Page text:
- Date published:
10:43 am, February 11th, 2018 - 154 comments
Categories: capitalism, class war, cost of living, democratic participation, Economy, housing, International, liberalism, Politics, quality of life, social democracy, Social issues, tenants' rights, welfare - Tags: housing, politics, profit
Cross-post of a piece by Nick (“Upper Hutt boy in London”) Kelly. Blog here.
People often say to me “you like politics.” By this they are referring to the fact that I have been politically active one way or another since I was 14, have run for public office, headed many campaigns and generally have opinions that I vocalise. For me politics is essential. Democracy is a fragile thing, and something we should defend. The political decisions made by our elected leaders determine the laws we live under, and decide the what infrastructure and services will be available to us as citizens. Basically democracy holds to account those who decide why people should be sent to prison or whether your local hospital should remain open. In short, politics matters and all citizens should pay attention.
But I don’t like politics. The more I have worked in political campaigns and been involved in politics the more I have grown to dislike the way politics works, or doesn’t. I dislike the elitism the exists in most nations capitals. But most of all, I dislike that short term election cycle focus limits the ability for long term decision making. Democracy is great. It forces decision makers to be accountable to the public every few years, and gives people a chance to throw out governments that aren’t performing. But election cycles encourage perverse behaviour. Specifically politicians are always thinking about the following election, and wish to take positions or pursue policies that aid them get re-elected. Often this can be a good thing, but sometimes is can be disastrous.
For the last few years in New Zealand there has been a housing crisis. The issue in a nut shell is that 30 years of deregulated free market policies have failed to deliver affordable housing to the majority of the population. Most young people are now unable to afford houses in NZ’s major cities as the value of housing sky rockets. The cost of renting has also ballooned, with a lack of controls and pure supply and demand determining the rental prices. The result, people paying an enormous percentage of their income on rents, with no chance of saving to buy their own home. Add to the problem, the government running down and selling off state housing. This crisis has caused increased homelessness, poverty and depravation.
In September I move to London. I switch on the news and what are they talking about, the UK’s housing crisis. Change the place names, different politicians but fundamentally the same problem. Fewer people able to own property, and social housing in short supply.
This crisis didn’t occur in the last term or two of government. The housing crisis in both countries (and in much of North America) comes from a lack of long term planning by successive governments and parliaments. Unregulated markets primary focus is profit. The most profitable thing for property developers to do is build high end housing, and sell it for as much as possible. Fewer people now own property, and increased numbers pay very high rents. The role of government is to step in and ensure a) there are rent controls, b) there is adequate supply of affordable housing and support for first home buyer and c) that there is adequate supply of social housing for those in need. If you don’t do this, you have homelessness, poverty and an increasingly unstable and unsafe society.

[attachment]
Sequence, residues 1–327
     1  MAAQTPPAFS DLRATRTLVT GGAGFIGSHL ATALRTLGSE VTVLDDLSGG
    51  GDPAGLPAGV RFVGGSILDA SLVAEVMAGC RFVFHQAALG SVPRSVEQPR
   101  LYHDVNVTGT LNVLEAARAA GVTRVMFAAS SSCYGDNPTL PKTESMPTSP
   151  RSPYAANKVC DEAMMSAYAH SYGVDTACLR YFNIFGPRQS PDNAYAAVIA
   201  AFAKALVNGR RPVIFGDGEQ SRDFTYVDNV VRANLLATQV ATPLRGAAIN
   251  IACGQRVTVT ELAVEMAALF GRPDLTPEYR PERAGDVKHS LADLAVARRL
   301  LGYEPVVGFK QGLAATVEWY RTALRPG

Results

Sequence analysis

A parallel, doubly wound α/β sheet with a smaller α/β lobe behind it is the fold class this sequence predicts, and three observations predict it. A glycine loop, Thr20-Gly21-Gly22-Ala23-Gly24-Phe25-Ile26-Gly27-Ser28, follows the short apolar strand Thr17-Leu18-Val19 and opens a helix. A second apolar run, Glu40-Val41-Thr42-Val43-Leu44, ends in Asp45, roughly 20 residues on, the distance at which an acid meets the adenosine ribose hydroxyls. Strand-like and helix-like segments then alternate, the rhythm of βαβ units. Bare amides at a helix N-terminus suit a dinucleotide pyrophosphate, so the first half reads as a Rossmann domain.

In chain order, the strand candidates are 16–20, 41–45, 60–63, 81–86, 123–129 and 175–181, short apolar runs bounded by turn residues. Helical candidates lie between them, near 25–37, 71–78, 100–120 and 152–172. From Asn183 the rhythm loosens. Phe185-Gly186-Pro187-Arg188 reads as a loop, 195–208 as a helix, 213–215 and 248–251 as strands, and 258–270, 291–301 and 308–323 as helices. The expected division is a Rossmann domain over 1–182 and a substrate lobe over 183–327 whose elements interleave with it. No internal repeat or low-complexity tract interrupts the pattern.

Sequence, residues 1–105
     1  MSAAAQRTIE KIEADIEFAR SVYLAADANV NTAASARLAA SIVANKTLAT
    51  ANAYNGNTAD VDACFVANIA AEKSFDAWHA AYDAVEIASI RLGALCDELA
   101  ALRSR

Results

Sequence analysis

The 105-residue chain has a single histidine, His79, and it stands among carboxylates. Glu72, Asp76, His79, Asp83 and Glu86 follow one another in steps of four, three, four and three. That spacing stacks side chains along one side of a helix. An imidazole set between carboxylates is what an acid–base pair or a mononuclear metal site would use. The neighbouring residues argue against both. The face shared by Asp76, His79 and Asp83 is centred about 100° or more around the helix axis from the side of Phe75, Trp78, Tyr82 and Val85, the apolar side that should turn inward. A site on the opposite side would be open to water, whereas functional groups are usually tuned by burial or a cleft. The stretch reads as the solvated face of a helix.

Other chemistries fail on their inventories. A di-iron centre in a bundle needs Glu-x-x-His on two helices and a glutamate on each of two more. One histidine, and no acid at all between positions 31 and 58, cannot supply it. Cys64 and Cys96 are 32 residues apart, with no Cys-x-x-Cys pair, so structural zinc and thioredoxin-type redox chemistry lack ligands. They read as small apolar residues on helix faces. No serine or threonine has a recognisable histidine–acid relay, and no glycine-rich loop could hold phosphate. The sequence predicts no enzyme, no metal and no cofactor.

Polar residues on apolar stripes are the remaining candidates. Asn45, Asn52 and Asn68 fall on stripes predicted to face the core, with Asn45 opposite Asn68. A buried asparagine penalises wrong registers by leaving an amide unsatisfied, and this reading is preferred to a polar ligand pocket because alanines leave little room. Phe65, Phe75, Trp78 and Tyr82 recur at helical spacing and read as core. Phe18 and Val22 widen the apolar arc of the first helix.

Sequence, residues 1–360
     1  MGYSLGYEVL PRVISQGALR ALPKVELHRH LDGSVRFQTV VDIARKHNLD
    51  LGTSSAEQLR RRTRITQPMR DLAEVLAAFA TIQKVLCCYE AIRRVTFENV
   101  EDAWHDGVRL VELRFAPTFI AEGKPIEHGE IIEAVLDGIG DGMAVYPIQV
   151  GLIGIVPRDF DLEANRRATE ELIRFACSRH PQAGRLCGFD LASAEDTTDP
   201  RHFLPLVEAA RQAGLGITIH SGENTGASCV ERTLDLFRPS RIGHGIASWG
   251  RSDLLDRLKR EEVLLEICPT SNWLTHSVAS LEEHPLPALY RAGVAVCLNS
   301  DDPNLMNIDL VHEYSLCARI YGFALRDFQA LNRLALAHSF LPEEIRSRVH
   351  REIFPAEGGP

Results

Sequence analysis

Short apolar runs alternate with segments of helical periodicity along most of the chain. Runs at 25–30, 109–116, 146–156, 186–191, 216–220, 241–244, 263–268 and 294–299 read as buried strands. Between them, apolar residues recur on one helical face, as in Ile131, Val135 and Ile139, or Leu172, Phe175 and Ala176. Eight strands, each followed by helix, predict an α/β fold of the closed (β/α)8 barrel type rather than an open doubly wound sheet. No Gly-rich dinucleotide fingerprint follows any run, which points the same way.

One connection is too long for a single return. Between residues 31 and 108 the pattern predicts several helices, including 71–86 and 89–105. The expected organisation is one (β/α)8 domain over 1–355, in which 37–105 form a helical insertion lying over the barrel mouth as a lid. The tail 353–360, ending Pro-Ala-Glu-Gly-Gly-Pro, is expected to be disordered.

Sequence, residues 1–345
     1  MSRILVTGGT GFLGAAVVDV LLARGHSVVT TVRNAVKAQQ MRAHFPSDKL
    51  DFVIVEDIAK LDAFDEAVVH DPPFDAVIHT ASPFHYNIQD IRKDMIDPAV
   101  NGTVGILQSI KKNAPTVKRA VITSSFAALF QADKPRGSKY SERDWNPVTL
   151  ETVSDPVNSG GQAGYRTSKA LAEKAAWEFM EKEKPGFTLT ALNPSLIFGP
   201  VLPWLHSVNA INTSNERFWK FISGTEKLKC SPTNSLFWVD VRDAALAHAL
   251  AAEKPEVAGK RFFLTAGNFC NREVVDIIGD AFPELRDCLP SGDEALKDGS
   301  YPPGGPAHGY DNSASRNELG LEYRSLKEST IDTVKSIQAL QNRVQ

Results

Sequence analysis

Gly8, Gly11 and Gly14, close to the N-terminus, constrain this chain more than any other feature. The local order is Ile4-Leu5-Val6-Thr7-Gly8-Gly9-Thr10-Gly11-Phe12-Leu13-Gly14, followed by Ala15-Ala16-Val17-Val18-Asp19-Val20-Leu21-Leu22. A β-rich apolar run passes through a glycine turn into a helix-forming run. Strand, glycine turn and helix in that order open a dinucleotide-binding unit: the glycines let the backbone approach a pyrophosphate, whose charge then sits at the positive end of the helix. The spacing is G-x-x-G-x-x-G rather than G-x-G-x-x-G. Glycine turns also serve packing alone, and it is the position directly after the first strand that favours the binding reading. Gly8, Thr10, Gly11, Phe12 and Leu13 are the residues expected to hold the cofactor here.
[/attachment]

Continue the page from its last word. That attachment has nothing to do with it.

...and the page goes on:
The problem is the housing crisis was created over a generation. No party can fix the housing crisis in one budget or even within one electoral cycle. There is no one simple fix to the problem. Related to increased housing costs is stagnant wages and a generally sluggish economy globally for the last 30 years. Fixing this problem requires some fundamental shifts in social and economic policy, that will take 15 to 20 years to fully implement. Further it will require decisions that will annoy vocal developers, property owners and the like. Electorally, it requires government implementing policies influential businesses and developers oppose, with benefits taking years to recognise.
I don’t claim to have all the solutions to this issue. But its clear that waiting for the political system that caused, or at least failed to prevent this crisis, to turn around and fix it is naive. Trying to find a political consensus across the main party’s in parliament would be ideal, but ideology and ambition makes this very challenging.
A radical, and by no means flawless possibility is greater direct democracy. The housing crisis reflects a fundamental breakdown of the social contract. A new contract is needed whereby everyone is guaranteed affordable housing. Everyone deserves somewhere to live. People should not pay more than 1/4 to 1/3 of their income in rent. Putting a deposit on a first home should not be totally out of reach for most low to middle income earners. One solution could be to hold a referendum where people vote for a new social contract? One that is then binding on all party’s to implement. Yes I can see issues with holding a referendum on social policy. There would need to be serious public debate and education regarding the issues. Reliable and credible information should not then be drowned out by fake news or scaremongering by those with a particular ideological bent. If later the social contract voted on doesn’t work, does another referendum need to be held to change it?
The above is not the perfect solution to a complex problem. But it is a possible alternative to the present situation where people are increasingly failed by politics. Whatever the solution to the housing crisis, the fix won’t be more of the same. Whatever the change thats needed is, something needs to change.